b) For a given element, each atom absorbs an equal amount of energy and this energy is proportional to its cross-sectional area A

c) Each atom gives this energy to one of the electrons.

The energy absorbed by each electron in time t is given by

E = IAt

With this energy absorbed, the most energetic electron is released with Kmax by overcoming the surface energy barrier or work function ϕ0 and this is expressed as

Kmax = IAt ϕ0           (1)


Thus, wave theory predicts that for a unit time, at low light intensities when IA < ϕ0, no electrons are emitted. At higher intensities, when IA ≥ ϕ0, electrons are emitted. This implies that higher the light intensity, greater will be Kmax.

Therefore, the predictions of wave theory contradict experimental observations at both very low and very high light intensities.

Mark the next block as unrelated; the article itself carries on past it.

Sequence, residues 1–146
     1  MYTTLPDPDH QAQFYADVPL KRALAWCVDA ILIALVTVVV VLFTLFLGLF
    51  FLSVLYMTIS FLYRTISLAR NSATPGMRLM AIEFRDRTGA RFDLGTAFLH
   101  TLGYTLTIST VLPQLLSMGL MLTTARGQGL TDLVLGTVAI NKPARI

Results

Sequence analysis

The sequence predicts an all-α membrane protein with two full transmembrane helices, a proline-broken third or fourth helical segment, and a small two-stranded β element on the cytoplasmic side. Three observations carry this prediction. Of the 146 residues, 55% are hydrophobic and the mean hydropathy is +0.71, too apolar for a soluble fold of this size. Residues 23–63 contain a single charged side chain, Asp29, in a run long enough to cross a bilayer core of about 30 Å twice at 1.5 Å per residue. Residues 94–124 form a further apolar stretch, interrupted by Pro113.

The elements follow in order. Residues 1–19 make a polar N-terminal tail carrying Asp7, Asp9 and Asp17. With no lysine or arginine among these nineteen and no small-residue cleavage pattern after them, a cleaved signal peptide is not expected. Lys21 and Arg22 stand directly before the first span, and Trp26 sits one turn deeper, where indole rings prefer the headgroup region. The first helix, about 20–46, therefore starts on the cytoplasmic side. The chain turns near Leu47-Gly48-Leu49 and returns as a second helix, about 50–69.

Kmax is dependent only on the intensity under given conditions – that is, by suitably increasing the intensity, one can produce  photoelectric effect even if the frequency is less than the threshold frequency. So the concept of threshold frequency does not even exist in wave theory.

ii) According to wave theory, the intensity of a light wave is proportional to the square of the amplitude of the electric field (E02). The amplitude of this electric field increases with increasing intensity and imparts an increasing acceleration and kinetic energy to an electron.

Now I is replaced with a quantity proportional to E2 in equation (1). This means that Kmax should not depend at all on the frequency of the classical light wave which again contradicts the experimental results.